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Leonard Fein dispensed with the traditional advice to graduates in his speech at Stanford's baccalaureate ceremony on Saturday, June 14. Instead, he told three stories of what he called "holy audacity," and finished with a challenge to take a personal, audacious stand against poverty. It was a challenge that left his audience responding with long, slow, reflective applause.
Fein is a writer, teacher and lecturer who has been adviser to four presidential campaigns. He was the founding editor of Moment, considered the leading independent magazine of Jewish affairs, and in 1985 he founded Mazon: A Jewish Response to Hunger as part of the international campaign against hunger.
He spoke in front of Memorial Church to a sun-drenched crowd of capped and gowned seniors and their families, including Stephen Breyer, Supreme Court justice and commencement father. Breyer donned academic robes to join officers of the university and the student body in the processional and on the dais.
Robert Gregg, dean of Memorial Church, introduced Stanford's multi-faith ceremony as different from its medieval Christian predecessors, "because of who we are." Taiko drumming, joyful South African songs of praise and the processional grandeur of Handel and Bach framed a ceremony with readings from Hindu, Jewish, Christian, Muslim and Ojibway texts.
Fein introduced his three stories by saying they would connect two apparently unrelated statements: a "downright scandalous" fact, and an assertion about religion. The fact: "In these United States, 24 percent of the children under 6 live in poverty. One out of four," Fein said.
"The assertion," he said, "is that religion does not come to answer our questions; it comes to question our answers."
The first of the three stories was about the biblical Abraham, who demonstrated his great piety when he showed he was willing to sacrifice his own son if God had not rescinded the command. Yet later, God informed him of plans to destroy the wicked cities of Sodom and Gomorrah, and Fein recounted Abraham's protest: "Will you really sweep away the innocent along with the guilty? Heaven forbid for you. The judge of all the earth will He not do what is just?"
Pious Abraham was willing to call God Almighty to account, Fein said, "and those who have followed his example have distinguished and redeemed the history of our species."
Fein's second story moved forward to the last days of 1944, when the Nazis, aware they were about to lose the war, frantically rushed more than 100,000 Jews from Budapest to their deaths at the hands of Hitler's death machine. Another 100,000 from Budapest were spared and survived the war, mostly through the "holy audacity" of a single Swedish diplomat, Raoul Wallenberg.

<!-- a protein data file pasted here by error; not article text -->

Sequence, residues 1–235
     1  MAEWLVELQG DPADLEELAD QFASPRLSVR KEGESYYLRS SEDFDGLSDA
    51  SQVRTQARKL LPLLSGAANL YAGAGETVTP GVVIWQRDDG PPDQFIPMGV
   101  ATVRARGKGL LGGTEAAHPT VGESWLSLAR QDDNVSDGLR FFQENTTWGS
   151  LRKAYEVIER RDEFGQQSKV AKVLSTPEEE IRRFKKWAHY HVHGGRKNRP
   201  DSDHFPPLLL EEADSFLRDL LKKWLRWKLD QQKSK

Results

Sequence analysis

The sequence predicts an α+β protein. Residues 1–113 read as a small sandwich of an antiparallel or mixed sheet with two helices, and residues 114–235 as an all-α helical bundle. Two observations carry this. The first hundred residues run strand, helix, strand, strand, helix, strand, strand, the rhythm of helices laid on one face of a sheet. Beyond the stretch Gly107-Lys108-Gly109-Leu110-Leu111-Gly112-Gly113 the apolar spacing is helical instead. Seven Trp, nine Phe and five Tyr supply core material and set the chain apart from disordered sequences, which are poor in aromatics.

Fein recounted tales of Wallenberg at work, loping in to a train station at the moment of deportation, separating out those Jews who held the Swedish passports he previously had forged for them, and then saving them, as well as the ones with "preliminary application papers" those who caught on that any scrap of paper would do. More than once, Fein said, Wallenberg "drove like a madman" to intercept a transport train, or to follow the route of the Nazis' murderous midwinter, 200-mile death march, and pluck more people out of danger.
"But, you may say, a Wallenberg, an Abraham these are giants, and the challenges they faced were the stuff of epic history," Fein said. "We? We are pygmies, and we face ordinary evils, daily insults to decency and injuries to humanity that are far easier to accommodate than to resist."
So he told the tale of 42-year-old seamstress Rosa Parks, who refused to give up her seat on a bus, and the 40,000 Negroes of Montgomery, Alabama, who walked to work for 381 days in 1955 and 1956, until the U.S. Supreme Court found it unconstitutional to segregate the city's buses by race.
Fein reminded the students that the Rev. Martin Luther King was no giant at the time, just the 26-year-old pastor of a Montgomery church. King responded to the original call for a bus boycott with his first political address, saying: "There comes a time when people get tired of being trampled over by the iron feet of oppression. . . . We are here because we are tired now."
The logical question most people ask themselves when they hear such a tale, Fein said, is, "What would I have done?" It is a speculative question: No one can know for sure. But Fein reminded his audience of his assertion about religion: "[It] does not come to answer questions we cannot otherwise answer; it comes to insist on questions we might not otherwise ask.
"Here, then," he continued, "is religion's most insistent, most urgent question: What will you do? It does not call for speculation; it calls for commitment, it calls for action.
"In these United States," Fein concluded, "in this year so close to the dawn of a new millennium, 24 percent of the children under the age of 6 live in poverty. . . . What will you do?"
By Janet Basu